By Chaz Lipp
There are some very enjoyable aspects of the ambitious Batman v Superman: Dawn of Justice, including Ben Affleck’s intense, brooding performance as Bruce Wayne/Batman. It’s a casting choice that continues to polarize, but Affleck makes a worthy successor to Christian Bale. His graying, wearied Dark Knight may wear a bulkier outfit that boasts glowing blue eyes, but aside from superficial differences the character remains as intense as he was in Nolan’s world.
Right out of the gate, director Zack Snyder impresses from a pure action-oriented vantage with a ground-level replay of the Superman/Zod battle that concluded Man of Steel. The devastation of Metropolis and all its inherent collateral damage is at the heart of Dawn of Justice. Turns out Bruce Wayne was witness to the destruction, which crystallized his anti-Superman (read: anti-alien) stance. Superman (Henry Cavill) only wants to help, but Bruce views his arrival on Earth as a game-changer in only the worst ways. Of course as Batman, Bruce doesn’t want to answer to anyone either (and is soundly criticized for his ‘judge, jury, and executioner’ approach). Each hero has his own brand of justice.
Most everything dealing with Superman and Batman works well. Their battle of ideologies provides both psychological depth as well as exciting brute-force confrontations. Cavill is arguably short-changed in terms of Clark Kent scenes, never quite fully establishing his alter ego, but he continues to convey Kal-El’s confusion over his place in a foreign world. Lois Lane (Amy Adams) is far better utilized than in Man of Steel, though the Lois and Clark romance doesn’t resonate as deeply as it should. Orchestrating the conflict between Batman and Superman is Lex Luthor (Jesse Eisenberg). The young LexCorp CEO (he inherited the company from his father) seeks to weaponize kryptonite, ostensibly to protect Earth’s population from alien visitors like Superman and Zod.
The casting of Eisenberg as Luthor seemed inspired, but unfortunately he’s saddled with what becomes a garden variety “psycho villain” role. Early on, in his manipulation of Senator June Finch (Holly Hunter) to achieve his plan, Eisenberg shows promise. Twitchy and nerve-wracked, his Luthor initially seems intellectually driven. Eventually he trails off into rather generic “crazy” rantings that aren’t entirely convincing.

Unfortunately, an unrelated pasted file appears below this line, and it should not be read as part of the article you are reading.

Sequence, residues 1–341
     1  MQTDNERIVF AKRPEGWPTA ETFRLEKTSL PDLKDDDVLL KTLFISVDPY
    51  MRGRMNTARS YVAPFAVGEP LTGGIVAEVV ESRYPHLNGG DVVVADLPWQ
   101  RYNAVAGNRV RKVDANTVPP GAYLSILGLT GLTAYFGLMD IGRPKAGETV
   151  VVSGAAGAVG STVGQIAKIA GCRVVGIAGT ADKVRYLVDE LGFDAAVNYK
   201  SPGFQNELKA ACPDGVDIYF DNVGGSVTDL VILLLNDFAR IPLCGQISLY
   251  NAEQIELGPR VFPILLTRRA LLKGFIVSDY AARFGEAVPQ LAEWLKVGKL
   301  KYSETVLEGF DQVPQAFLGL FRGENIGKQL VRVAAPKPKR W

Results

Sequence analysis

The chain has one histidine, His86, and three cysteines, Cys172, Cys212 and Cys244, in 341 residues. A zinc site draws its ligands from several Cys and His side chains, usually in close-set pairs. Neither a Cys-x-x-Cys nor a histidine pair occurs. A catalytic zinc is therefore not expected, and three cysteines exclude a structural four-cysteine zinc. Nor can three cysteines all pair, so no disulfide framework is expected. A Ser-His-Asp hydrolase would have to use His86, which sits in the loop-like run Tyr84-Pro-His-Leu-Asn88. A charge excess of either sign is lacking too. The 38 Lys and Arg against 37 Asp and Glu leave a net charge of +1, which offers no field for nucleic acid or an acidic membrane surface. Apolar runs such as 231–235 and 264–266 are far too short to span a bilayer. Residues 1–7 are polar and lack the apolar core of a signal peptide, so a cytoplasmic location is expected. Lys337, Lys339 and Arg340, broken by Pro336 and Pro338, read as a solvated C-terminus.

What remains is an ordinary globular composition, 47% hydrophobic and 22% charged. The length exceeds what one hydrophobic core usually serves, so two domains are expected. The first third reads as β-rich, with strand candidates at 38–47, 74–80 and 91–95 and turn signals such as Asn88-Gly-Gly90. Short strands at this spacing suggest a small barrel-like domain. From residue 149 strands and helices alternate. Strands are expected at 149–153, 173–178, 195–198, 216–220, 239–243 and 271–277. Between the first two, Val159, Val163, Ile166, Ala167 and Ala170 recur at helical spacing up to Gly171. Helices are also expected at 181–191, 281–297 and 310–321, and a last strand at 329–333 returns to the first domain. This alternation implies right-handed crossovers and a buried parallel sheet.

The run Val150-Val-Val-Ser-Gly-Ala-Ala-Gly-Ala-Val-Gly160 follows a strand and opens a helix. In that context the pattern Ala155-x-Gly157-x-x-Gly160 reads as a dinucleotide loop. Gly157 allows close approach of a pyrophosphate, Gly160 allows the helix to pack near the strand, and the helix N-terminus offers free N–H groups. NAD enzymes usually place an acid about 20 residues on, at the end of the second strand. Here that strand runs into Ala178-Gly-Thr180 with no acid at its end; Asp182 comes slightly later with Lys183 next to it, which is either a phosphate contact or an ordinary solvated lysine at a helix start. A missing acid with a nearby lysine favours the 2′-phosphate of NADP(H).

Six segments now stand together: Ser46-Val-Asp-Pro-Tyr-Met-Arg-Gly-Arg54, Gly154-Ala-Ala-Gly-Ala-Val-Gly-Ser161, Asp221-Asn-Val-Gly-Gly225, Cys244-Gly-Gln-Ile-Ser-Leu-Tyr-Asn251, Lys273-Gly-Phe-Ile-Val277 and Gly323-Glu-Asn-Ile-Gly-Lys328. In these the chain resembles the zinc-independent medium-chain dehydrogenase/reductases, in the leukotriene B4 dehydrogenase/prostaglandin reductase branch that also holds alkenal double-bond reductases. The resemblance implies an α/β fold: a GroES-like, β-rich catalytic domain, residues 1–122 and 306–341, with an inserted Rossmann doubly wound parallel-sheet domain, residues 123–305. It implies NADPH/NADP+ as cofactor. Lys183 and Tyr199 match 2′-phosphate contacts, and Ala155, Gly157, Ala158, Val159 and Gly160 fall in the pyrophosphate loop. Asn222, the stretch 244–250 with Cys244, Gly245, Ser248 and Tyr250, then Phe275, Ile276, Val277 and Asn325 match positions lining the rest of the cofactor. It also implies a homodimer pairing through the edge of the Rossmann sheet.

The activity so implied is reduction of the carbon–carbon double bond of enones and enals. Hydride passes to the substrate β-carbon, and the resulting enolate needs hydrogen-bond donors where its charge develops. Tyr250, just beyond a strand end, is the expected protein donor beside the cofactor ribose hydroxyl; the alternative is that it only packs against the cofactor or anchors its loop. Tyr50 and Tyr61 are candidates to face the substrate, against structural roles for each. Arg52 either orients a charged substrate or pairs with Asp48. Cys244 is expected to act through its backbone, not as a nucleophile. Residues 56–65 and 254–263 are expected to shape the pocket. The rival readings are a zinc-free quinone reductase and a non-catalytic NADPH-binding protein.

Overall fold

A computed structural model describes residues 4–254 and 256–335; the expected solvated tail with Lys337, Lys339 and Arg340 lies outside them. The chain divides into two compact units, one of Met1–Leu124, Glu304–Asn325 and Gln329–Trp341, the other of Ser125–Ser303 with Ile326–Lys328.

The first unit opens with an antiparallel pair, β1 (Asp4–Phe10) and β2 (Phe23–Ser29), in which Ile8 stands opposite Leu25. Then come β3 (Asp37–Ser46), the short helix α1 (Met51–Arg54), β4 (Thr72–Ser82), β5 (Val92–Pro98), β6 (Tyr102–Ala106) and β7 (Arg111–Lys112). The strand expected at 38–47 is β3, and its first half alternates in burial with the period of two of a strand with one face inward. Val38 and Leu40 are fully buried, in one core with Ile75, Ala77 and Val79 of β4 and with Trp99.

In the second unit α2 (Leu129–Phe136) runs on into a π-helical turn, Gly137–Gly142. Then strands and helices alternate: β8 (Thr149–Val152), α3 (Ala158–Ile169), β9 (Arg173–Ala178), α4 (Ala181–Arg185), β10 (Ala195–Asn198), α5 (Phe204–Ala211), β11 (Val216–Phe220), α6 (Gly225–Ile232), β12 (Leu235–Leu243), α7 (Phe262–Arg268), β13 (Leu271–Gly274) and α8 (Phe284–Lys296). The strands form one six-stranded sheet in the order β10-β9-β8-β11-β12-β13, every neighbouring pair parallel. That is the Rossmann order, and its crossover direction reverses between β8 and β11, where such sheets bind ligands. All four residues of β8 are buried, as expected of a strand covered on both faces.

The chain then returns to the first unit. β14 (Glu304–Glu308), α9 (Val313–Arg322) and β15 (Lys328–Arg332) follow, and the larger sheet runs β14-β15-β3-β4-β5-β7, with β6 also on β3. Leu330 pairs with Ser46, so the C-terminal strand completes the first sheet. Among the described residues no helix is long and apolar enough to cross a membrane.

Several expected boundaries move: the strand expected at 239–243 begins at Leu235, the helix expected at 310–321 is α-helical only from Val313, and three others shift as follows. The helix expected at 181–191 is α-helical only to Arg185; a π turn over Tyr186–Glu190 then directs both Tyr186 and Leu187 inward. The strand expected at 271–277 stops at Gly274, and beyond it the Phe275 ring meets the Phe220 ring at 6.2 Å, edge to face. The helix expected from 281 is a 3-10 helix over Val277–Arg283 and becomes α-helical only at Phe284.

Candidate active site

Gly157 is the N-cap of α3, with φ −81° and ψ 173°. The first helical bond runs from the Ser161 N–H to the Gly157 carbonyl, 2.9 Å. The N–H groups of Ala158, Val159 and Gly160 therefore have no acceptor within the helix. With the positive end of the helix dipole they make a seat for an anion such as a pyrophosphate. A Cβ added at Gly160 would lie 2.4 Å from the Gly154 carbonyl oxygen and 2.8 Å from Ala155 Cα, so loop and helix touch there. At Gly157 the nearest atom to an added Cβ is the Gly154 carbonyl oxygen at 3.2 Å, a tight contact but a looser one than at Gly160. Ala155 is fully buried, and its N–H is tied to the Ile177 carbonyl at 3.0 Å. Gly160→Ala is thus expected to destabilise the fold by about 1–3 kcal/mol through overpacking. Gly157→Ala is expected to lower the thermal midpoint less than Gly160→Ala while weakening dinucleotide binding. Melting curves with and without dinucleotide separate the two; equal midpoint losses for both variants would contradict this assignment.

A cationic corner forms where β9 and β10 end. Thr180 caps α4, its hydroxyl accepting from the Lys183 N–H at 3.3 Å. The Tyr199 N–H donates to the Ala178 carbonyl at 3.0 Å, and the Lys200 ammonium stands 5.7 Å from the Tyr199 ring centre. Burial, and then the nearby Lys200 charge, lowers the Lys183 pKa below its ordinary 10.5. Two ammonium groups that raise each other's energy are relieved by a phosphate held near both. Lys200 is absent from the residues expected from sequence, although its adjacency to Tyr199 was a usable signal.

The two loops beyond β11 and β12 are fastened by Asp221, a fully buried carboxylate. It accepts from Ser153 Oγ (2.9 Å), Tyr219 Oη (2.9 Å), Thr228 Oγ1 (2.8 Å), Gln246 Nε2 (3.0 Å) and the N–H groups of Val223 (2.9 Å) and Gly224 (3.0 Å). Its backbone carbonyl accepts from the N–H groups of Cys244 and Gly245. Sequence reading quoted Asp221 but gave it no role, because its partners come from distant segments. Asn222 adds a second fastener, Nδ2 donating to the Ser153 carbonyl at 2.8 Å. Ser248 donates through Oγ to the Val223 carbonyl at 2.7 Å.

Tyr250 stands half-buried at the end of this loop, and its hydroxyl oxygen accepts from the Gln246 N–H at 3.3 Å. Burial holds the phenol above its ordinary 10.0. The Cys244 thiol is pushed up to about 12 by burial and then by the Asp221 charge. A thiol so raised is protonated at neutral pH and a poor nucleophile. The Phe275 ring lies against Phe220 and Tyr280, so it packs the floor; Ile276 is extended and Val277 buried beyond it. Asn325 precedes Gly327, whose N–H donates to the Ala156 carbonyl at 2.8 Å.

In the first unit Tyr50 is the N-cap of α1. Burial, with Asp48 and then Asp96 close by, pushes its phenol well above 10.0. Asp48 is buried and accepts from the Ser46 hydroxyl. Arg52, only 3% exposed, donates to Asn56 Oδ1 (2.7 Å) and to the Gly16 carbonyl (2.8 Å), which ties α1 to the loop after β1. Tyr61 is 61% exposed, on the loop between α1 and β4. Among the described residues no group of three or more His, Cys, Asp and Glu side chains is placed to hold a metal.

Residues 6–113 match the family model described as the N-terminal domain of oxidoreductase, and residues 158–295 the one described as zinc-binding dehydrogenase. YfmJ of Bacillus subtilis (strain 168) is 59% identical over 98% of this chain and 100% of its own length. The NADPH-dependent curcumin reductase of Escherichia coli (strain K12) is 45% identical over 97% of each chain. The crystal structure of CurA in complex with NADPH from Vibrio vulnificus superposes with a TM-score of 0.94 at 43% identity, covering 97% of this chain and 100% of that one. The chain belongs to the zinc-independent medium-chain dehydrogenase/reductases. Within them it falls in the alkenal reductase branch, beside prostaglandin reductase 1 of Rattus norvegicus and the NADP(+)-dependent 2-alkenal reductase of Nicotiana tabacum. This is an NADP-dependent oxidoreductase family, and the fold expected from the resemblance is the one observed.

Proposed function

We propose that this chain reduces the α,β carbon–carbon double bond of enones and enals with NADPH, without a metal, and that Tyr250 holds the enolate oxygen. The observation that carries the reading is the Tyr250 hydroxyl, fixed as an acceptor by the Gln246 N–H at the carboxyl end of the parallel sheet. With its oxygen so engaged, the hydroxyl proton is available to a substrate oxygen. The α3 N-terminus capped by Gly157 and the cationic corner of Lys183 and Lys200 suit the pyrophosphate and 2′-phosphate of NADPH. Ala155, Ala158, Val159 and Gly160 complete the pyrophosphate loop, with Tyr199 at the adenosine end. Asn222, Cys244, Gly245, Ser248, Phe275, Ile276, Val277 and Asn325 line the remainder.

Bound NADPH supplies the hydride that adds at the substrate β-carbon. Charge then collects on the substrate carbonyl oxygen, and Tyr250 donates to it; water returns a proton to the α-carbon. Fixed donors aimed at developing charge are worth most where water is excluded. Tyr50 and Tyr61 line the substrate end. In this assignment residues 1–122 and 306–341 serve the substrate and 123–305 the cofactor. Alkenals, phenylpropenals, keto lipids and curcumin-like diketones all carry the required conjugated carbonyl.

As they ramp up efforts to build an entire cinematic universe, DC has thrown in a few wild cards. The big issue, however, is whether the addition of a character like Diana Prince (aka Wonder Woman, enigmatically portrayed by Gal Gadot) improves Dawn of Justice. She’s getting her own movie next year, so we get no back story or context here. If we hadn’t already been cued during pre-release hype that Wonder Woman would debut, her appearance here would feel even more tacked on than it already does. She may look great in the costume, but she’s given nothing to play.
Batman v Superman: Dawn of Justice has been criticized for its length (2.5 hours) but, considering all the content they packed in, the real question is why didn’t they go for a full three hours? With all the activity onscreen at any given moment, the film isn’t boring. So why not expand it even further, allowing for a bit more character development and perhaps smoother transitions between the Batman & Alfred (Jeremy Irons) stuff and the Superman & Lois (or Clark & Perry White, again Laurence Fishbourne) stuff. Dawn of Justice winds up feeling overly episodic, with a sprawling, messy narrative that either needed tightening or expanding. Snyder and company were clearly going for massive scope, so the solution might’ve been the latter. We’ll get that expansion over the next few years, with two Justice League films planned and a slew of related films. Let’s hope each one focus a little more on storytelling to compliment the action and effects.
Batman v Superman: Dawn of Justice Images: Warner Bros.; DC Entertainment